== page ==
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Two Senate bills side with teachers: Student growth on tests should not count for half their rating

Two bills in the state Senate seek to reduce the influence of student test scores on teacher evaluations. The law now calls for student growth -- as measured by testing -- to count for half of a teacher's annual rating.

Senate Bill 364 comes today from Sen. Lindsey Tippins, R-Marietta, chairman of the Senate Education and Youth Committee. The bill would reduce the weight of student growth scores to 30 percent, which aligns with most other states.

A day earlier, Sen. William T. Ligon, R-Brunswick, introduced a bill that goes even further; Senate Bill 355 reduces the weight of the test scores to 10 percent.

According to the AJC's Ty Tagami:

Tippins’ bill would reduce the weight of tests in teacher evaluations to 30 percent or less in school districts that enter a “flexibility” contract with the state, meaning districts that opt to become either charter districts or system waiver districts. The other bill — William T. Ligon, Jr., R-Brunswick is the chief co-sponsor — goes further, limiting tests to a maximum 10 percent of evaluations.

The current mandate for evaluations, adopted by the General Assembly in 2013, requires student “growth” on tests to count for at least half of each teacher’s evaluation.

The Tippins bill is not yet up on the AJC Legislative Navigator or the General Assembly site. It will be posted tomorrow. Here is an excerpt from the Ligon legislation:

(1) Due to the unscientific and unreliable methods of measuring student growth, the percentage amount of any teacher's evaluation dependent on student test performance should be drastically reduced;

(2) The recent federal study by the National Center for Education Evaluation and Regional Assistance, which is part of the Institute of Education Sciences of the United States Department of Education, reveals that the value added models are not capable of  measuring a teacher's effect on student learning in just one year;

(3) Even over three years, these measures of effectiveness still do not meet the .85 level of reliability traditionally desired in scores used for high-stakes decisions (Haertel, 2013; Wasserman & Bracken, 2003); and (4) The study strongly cautions states that are considering the student growth percentile model for teacher accountability about using the scores for high-stakes decisions.

Here is a response from DOE today on the Tippins bill:

State School Superintendent Richard Woods today released the following statements regarding SB 364, which would decrease the number of tests students have to take, as well as lower the weight of test results on the state’s teacher and leader evaluation system.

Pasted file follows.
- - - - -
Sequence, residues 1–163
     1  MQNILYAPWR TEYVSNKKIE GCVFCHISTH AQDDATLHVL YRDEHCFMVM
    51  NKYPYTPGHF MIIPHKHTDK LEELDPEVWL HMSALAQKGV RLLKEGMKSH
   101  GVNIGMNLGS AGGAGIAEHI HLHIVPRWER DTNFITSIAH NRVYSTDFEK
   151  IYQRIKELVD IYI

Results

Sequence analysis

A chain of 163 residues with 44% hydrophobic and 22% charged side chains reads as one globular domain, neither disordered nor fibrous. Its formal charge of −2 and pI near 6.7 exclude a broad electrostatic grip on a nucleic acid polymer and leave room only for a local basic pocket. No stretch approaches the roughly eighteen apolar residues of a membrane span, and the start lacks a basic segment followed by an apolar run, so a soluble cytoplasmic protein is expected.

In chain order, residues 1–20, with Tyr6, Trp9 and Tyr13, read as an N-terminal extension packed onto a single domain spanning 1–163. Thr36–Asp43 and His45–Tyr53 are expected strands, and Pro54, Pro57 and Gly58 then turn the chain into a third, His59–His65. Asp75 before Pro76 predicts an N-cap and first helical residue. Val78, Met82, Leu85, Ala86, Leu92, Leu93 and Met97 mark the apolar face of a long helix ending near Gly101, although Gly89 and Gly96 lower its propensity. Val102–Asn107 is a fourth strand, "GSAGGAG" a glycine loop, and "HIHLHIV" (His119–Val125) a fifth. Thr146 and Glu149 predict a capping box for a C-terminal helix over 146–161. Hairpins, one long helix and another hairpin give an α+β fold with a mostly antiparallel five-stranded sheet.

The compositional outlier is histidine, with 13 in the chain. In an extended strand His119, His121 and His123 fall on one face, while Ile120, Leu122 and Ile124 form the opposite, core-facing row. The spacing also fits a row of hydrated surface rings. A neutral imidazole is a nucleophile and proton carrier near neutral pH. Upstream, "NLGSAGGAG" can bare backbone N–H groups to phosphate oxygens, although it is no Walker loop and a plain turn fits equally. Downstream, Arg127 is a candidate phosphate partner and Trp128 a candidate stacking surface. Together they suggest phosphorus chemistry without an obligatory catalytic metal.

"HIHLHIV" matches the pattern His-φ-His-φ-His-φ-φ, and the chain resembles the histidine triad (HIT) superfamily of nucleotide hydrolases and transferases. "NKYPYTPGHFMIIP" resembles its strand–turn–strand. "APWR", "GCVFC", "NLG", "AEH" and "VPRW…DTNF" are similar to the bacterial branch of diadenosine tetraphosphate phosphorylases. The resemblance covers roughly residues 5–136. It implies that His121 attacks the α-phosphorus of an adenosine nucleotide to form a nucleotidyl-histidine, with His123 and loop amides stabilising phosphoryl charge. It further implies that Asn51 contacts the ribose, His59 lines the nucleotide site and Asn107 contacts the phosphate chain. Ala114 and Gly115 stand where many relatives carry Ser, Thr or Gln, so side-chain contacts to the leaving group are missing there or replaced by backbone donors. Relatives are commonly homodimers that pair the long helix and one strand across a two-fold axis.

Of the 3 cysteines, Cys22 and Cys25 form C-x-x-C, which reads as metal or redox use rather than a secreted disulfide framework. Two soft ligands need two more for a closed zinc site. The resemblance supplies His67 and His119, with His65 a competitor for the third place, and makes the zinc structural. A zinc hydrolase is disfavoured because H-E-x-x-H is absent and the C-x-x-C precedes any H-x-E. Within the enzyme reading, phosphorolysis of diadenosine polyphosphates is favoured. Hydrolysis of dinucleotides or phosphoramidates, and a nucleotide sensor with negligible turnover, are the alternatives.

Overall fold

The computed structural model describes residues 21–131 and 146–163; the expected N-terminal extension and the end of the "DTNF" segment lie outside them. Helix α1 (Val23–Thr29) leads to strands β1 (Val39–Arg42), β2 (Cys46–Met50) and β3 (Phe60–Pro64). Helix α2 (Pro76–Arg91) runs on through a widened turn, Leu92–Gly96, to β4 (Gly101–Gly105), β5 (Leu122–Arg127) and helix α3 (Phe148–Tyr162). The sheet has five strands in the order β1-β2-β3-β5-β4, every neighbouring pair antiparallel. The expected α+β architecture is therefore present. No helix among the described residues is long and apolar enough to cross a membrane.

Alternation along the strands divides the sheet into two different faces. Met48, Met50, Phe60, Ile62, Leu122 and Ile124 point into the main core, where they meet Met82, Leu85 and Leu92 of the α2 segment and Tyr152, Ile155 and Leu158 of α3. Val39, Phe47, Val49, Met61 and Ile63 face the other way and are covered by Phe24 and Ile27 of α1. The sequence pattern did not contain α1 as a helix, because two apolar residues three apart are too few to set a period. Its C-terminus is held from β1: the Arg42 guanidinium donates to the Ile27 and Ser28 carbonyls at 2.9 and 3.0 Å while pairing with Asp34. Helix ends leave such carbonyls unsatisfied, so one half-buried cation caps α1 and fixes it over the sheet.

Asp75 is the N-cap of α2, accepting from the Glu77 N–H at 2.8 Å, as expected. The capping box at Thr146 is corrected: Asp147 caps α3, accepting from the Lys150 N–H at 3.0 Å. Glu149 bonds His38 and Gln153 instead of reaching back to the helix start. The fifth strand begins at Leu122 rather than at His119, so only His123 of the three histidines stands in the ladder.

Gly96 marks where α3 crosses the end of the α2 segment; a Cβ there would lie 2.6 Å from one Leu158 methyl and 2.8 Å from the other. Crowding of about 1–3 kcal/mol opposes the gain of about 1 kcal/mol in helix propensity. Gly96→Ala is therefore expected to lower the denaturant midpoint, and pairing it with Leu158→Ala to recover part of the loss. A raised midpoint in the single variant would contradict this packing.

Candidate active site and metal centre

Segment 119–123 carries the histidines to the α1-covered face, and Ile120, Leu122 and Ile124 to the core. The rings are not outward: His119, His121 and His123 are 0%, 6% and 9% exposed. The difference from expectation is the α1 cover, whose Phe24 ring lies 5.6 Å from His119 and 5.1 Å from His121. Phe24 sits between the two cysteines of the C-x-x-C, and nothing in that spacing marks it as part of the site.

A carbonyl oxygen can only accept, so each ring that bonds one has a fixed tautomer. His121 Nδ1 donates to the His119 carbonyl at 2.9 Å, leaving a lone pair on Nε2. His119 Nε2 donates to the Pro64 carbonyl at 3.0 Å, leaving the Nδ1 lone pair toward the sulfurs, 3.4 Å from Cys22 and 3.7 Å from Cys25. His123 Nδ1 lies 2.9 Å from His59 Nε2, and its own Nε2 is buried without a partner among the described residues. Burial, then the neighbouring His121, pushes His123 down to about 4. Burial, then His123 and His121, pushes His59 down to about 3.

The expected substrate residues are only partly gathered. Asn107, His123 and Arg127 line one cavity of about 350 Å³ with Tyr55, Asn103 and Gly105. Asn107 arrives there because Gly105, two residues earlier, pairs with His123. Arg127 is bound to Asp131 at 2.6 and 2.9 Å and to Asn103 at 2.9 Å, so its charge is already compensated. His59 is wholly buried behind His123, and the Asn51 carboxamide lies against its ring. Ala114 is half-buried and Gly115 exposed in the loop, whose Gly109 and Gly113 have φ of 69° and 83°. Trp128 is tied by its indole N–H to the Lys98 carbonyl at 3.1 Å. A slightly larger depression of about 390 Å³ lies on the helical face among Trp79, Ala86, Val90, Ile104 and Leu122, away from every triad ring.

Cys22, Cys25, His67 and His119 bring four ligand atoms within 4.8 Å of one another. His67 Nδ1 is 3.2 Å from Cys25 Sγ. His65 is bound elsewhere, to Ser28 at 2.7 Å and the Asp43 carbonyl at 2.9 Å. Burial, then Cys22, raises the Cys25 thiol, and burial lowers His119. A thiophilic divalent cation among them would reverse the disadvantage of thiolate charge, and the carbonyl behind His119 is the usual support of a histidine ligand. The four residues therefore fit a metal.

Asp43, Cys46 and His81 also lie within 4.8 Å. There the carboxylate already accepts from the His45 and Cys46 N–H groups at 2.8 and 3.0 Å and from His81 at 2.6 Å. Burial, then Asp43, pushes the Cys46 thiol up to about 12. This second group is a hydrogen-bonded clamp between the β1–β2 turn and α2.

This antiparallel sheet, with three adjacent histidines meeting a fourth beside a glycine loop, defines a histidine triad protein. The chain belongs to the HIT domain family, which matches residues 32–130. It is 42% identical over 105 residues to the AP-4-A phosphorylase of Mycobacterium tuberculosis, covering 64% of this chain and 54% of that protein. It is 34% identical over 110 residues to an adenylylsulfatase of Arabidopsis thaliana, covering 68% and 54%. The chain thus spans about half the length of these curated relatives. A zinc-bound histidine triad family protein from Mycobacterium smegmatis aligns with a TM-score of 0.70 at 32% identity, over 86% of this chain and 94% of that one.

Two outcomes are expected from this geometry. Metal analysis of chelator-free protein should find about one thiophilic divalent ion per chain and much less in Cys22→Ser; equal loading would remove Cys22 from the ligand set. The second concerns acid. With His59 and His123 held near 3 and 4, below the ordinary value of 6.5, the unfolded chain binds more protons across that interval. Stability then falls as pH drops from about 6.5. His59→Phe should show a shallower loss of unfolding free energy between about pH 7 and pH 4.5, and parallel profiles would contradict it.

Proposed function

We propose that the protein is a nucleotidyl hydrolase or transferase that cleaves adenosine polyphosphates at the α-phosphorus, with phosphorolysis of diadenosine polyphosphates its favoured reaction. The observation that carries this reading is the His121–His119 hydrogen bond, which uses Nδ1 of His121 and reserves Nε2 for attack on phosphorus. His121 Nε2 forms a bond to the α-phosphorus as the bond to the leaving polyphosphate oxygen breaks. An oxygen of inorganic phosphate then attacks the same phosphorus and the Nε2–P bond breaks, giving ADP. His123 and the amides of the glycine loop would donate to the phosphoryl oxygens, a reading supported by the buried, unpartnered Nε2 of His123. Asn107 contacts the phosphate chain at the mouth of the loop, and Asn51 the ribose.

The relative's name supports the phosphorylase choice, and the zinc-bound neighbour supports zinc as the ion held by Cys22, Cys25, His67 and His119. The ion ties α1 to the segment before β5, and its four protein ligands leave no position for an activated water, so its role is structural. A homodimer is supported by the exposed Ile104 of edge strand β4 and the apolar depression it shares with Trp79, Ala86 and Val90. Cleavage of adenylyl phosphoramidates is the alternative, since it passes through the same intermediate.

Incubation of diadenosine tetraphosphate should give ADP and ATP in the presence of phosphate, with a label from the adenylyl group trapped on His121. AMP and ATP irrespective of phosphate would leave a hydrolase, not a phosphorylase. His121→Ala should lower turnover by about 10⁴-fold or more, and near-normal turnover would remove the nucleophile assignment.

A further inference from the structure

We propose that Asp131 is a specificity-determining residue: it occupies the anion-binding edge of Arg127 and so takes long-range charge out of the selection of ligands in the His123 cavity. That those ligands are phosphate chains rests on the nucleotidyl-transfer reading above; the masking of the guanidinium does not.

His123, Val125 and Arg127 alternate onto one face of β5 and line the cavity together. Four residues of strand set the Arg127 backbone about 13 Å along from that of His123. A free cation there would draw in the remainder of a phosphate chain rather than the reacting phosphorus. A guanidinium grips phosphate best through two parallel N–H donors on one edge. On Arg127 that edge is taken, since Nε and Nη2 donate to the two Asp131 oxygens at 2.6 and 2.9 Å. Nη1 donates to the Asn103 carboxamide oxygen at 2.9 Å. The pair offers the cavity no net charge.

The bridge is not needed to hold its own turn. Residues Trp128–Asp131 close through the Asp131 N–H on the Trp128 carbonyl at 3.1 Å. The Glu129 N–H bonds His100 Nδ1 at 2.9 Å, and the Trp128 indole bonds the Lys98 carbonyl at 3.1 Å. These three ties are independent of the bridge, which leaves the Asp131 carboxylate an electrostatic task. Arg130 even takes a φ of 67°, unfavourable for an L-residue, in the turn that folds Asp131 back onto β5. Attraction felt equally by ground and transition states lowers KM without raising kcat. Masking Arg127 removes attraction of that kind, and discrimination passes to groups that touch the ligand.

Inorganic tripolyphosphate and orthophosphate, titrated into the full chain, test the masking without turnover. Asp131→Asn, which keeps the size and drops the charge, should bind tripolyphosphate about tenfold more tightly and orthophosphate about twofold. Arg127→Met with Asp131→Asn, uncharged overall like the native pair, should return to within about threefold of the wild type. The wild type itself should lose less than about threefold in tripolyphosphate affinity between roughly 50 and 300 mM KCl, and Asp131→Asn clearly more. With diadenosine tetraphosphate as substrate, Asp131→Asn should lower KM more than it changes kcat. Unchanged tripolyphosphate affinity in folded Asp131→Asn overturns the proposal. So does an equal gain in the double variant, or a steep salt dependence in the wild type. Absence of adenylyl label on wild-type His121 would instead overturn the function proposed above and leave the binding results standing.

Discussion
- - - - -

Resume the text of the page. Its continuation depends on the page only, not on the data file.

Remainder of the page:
SB 364 would:

  • Reduce the number of state tests from 32 to 24
  • Reduce the weight of student test scores on the teacher evaluation system from 50% to 30%, with the remaining percentage coming from professional growth plans

On the reduction of state-mandated tests:

“I wholeheartedly support Senator Lindsey Tippins’ bill, SB 364, because it reflects many of the issues I’ve felt all along are burdensome to student learning and the recruitment and retention of our best teachers. The federal government requires 11 tests; Georgia requires almost three times that. Realignment is needed, and SB 364 would do just that, reducing the number of state-mandated tests students must take. By streamlining testing requirements, we can free up schools to focus on literacy and numeracy in the early grades, giving students a better foundation for success.”

On lowering the weight of test scores in the teacher and leader evaluation systems and adding a true professional growth component to the teacher and leader evaluation systems:

“I also am in full support of SB 364 because it reduces the percentage that student test scores count for teachers’ and leaders’ evaluations. Not only are Georgia students suffering from over-testing, Georgia teachers are, too. We need to loosen the weight of test scores for teacher evaluation and fill the gap with a professional growth component, which is just what SB 364 proposes. This would allow the evaluation system to become more of a coaching tool instead of a ‘gotcha’ tool. We conducted a survey of more than 53,000 Georgia teachers, and an overwhelming percentage selected ‘number of state-mandated tests’ and the ‘method for evaluating teachers’ as the main reasons why 44 percent of newly hired teachers leave the profession within five years. SB 364 will provide a better tool for teachers and also help recruit and retain the best teachers.”

On requiring students to be in class more to count toward a teacher’s performance:

Another issue SB 364 addresses has to do with the percentage of days students have to be present in class to be counted toward a teacher’s performance. Currently, students have to be in class only 65% of the time in order to count toward a teacher’s performance.

“The current 65% is far too low, and the SB 364 legislation to raise that to 80% is much more reasonable. Teachers should not be responsible for students who are not in class.”

On allowing all districts to implement tiered observations:

“We know a one-size-fits-all approach doesn’t work for our students, and it doesn’t work for our teachers, either. I appreciate that SB 364 allows for tiered observations for our best teachers, which will free up administrators to spend more time with new or weaker teachers while giving teachers who receive high evaluation scores the benefit of fewer observations and more flexibility in the classroom.”

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Maureen Downey has written editorials and opinion pieces about local, state and federal education policy since the 1990s.